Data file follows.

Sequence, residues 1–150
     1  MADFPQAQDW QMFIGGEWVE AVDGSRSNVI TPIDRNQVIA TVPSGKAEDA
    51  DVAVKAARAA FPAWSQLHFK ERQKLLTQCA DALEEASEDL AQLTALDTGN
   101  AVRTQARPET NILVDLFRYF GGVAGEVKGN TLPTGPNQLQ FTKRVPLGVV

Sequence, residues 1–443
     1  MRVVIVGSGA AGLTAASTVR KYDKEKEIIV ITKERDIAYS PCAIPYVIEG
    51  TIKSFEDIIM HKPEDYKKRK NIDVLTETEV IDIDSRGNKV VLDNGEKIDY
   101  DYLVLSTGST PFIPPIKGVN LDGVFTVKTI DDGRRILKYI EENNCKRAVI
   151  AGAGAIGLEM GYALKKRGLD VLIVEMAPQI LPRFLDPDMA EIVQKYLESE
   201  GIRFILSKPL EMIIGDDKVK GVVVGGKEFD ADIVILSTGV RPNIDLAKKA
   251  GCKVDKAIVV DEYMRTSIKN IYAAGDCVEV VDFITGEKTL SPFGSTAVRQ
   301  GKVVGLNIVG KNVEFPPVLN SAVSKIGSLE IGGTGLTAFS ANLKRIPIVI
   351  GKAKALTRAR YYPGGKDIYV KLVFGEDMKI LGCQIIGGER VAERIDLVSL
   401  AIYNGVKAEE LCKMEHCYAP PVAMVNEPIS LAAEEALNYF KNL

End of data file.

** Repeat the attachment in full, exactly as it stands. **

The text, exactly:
Sequence, residues 1–150
     1  MADFPQAQDW QMFIGGEWVE AVDGSRSNVI TPIDRNQVIA TVPSGKAEDA
    51  DVAVKAARAA FPAWSQLHFK ERQKLLTQCA DALEEASEDL AQLTALDTGN
   101  AVRTQARPET NILVDLFRYF GGVAGEVKGN TLPTGPNQLQ FTKRVPLGVV

Sequence, residues 1–443
     1  MRVVIVGSGA AGLTAASTVR KYDKEKEIIV ITKERDIAYS PCAIPYVIEG
    51  TIKSFEDIIM HKPEDYKKRK NIDVLTETEV IDIDSRGNKV VLDNGEKIDY
   101  DYLVLSTGST PFIPPIKGVN LDGVFTVKTI DDGRRILKYI EENNCKRAVI
   151  AGAGAIGLEM GYALKKRGLD VLIVEMAPQI LPRFLDPDMA EIVQKYLESE
   201  GIRFILSKPL EMIIGDDKVK GVVVGGKEFD ADIVILSTGV RPNIDLAKKA
   251  GCKVDKAIVV DEYMRTSIKN IYAAGDCVEV VDFITGEKTL SPFGSTAVRQ
   301  GKVVGLNIVG KNVEFPPVLN SAVSKIGSLE IGGTGLTAFS ANLKRIPIVI
   351  GKAKALTRAR YYPGGKDIYV KLVFGEDMKI LGCQIIGGER VAERIDLVSL
   401  AIYNGVKAEE LCKMEHCYAP PVAMVNEPIS LAAEEALNYF KNL